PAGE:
Market has been anticipating rate rise towards summer end, but raft of weak data will force backtrack, analysts say
There is a clear opportunity to buy emerging market assets whenever risk averse events are triggered in the developed markets, and current worries over US trade policy and rate hikes could signal the latest entry point, says Ashmore’s Jan Dehn.
The European central banks’ market interventions, such as their asset purchase programme, has created the “unintended consequence” of the institutions becoming a dominant decision maker in investments, and has led to risk not being priced properly, according to ex-ECB chief economist Jürgen Stark.
Emerging market debt has been the best-selling asset class with European investors this year. But flows turned negative in late September against a backdrop of a hawkish Fed and a strengthening dollar.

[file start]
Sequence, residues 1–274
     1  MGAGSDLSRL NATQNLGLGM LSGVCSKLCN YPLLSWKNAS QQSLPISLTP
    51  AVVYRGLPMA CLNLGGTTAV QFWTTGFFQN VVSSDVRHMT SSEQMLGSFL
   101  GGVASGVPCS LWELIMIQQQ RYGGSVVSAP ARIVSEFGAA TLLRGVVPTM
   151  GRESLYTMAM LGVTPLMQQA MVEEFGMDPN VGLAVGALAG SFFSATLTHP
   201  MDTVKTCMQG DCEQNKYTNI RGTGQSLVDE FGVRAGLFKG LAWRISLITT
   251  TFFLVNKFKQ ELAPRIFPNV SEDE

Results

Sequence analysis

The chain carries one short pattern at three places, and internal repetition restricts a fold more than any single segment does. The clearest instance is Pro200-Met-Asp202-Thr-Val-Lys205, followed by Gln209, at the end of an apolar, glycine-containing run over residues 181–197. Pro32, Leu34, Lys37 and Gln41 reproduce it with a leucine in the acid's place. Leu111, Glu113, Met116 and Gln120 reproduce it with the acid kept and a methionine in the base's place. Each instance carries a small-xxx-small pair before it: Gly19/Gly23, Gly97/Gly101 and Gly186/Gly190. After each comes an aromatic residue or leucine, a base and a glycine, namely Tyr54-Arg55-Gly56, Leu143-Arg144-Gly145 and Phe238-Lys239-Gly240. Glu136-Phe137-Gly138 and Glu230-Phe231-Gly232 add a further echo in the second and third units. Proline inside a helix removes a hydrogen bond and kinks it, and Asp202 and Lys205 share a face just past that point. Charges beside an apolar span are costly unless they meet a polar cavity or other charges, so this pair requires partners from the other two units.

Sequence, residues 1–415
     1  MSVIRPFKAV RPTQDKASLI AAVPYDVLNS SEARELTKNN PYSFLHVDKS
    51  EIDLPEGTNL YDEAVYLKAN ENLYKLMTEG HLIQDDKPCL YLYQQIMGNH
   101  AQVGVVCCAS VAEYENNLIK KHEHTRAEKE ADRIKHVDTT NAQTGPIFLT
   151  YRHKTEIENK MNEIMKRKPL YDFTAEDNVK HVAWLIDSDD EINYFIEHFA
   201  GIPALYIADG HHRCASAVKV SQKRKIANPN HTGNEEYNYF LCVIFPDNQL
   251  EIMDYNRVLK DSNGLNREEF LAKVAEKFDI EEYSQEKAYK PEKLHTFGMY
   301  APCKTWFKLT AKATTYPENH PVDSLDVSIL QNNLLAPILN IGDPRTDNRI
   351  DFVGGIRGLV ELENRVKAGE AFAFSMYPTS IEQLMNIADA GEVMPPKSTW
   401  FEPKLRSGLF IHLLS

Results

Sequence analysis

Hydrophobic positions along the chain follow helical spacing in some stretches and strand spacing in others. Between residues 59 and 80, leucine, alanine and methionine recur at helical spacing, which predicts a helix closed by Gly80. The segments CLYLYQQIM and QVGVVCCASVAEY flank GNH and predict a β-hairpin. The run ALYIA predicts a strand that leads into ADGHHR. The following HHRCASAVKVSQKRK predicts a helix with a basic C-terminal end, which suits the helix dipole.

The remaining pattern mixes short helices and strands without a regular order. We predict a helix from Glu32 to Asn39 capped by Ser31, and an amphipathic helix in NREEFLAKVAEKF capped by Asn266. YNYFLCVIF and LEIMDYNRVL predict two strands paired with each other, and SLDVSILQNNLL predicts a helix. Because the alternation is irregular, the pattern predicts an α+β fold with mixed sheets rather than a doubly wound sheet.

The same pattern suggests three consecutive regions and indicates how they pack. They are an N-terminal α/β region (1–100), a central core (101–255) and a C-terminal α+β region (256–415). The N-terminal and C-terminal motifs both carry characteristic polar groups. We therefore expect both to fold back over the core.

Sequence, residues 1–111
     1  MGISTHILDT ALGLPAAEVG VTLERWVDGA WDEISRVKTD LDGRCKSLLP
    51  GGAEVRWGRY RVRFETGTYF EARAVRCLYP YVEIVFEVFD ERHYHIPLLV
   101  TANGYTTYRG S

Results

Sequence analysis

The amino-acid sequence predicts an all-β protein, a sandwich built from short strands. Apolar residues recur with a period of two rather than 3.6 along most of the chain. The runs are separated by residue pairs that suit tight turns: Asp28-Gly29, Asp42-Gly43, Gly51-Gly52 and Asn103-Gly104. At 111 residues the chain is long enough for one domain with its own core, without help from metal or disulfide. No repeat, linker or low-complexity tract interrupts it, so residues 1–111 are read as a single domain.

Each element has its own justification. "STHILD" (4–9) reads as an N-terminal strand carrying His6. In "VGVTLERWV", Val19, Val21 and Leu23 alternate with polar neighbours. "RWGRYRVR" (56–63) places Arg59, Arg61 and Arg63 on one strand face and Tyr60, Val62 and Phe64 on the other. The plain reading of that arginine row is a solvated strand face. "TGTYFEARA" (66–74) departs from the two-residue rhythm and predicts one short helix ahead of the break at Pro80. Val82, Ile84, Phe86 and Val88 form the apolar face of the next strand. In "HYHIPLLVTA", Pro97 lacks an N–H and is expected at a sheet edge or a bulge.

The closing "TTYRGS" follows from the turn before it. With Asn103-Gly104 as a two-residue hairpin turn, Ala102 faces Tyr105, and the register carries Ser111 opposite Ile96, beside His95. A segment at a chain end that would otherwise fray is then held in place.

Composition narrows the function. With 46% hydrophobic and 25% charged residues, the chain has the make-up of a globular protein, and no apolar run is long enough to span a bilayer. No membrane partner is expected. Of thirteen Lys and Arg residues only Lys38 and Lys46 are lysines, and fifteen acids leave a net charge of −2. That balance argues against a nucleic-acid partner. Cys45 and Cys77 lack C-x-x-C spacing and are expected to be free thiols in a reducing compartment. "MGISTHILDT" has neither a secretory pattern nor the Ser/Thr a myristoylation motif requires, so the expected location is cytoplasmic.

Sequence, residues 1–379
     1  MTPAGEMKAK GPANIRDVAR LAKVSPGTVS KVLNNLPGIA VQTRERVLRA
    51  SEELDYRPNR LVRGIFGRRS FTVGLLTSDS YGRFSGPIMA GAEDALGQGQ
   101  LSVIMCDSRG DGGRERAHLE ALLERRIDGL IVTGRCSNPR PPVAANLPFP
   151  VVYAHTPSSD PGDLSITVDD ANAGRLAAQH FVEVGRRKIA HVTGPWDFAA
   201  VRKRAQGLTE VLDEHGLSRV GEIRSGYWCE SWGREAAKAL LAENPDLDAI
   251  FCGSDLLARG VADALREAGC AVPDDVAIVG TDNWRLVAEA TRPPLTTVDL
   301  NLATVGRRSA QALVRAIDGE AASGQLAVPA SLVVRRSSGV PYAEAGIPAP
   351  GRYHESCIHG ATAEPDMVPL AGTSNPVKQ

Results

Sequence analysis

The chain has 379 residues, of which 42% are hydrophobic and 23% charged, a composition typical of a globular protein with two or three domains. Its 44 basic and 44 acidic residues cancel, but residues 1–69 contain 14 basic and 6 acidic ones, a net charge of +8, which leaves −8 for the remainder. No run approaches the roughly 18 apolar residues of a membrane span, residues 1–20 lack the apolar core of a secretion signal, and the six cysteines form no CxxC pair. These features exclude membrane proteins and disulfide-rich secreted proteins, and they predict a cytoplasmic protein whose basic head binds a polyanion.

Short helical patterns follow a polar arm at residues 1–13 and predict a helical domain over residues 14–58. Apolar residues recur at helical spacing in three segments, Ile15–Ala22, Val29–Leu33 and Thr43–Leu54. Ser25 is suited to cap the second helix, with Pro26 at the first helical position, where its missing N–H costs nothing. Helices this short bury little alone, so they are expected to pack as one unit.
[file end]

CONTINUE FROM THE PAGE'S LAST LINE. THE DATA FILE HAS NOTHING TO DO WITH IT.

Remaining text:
The European Central Bank (ECB) will begin unwinding its monetary stimulus programme this year but investors shouldn’t expect a rate hike until at least 2019, according to analysts at Lyxor Asset Management.
The damage caused by hurricane Harvey will dampen GDP growth to an extent that will force the Fed to forget about hiking rates further this year, it was claimed.
Friday’s US inflation report suggests the recent streak of soft CPI inflation may be more persistent than the Fed initially believed, decreasing the likelihood of further rate rises.
It’s time to take a few chips off the table and up the quality of your bond portfolio as the reflation trade has run its course, believes Ariel Bezalel, manager of the €9bn Jupiter Dynamic Bond Fund. But should you really sell in May?
The third 0.25% interest rate hike of this upcycle from the US Federal Reserve begs five questions, all of which have implications for the US, the globe and portfolios.
The Federal Reserve’s decision to raise its benchmark rate for the second time in three months, has led to speculation of further rises this year, with another four to come in 2018.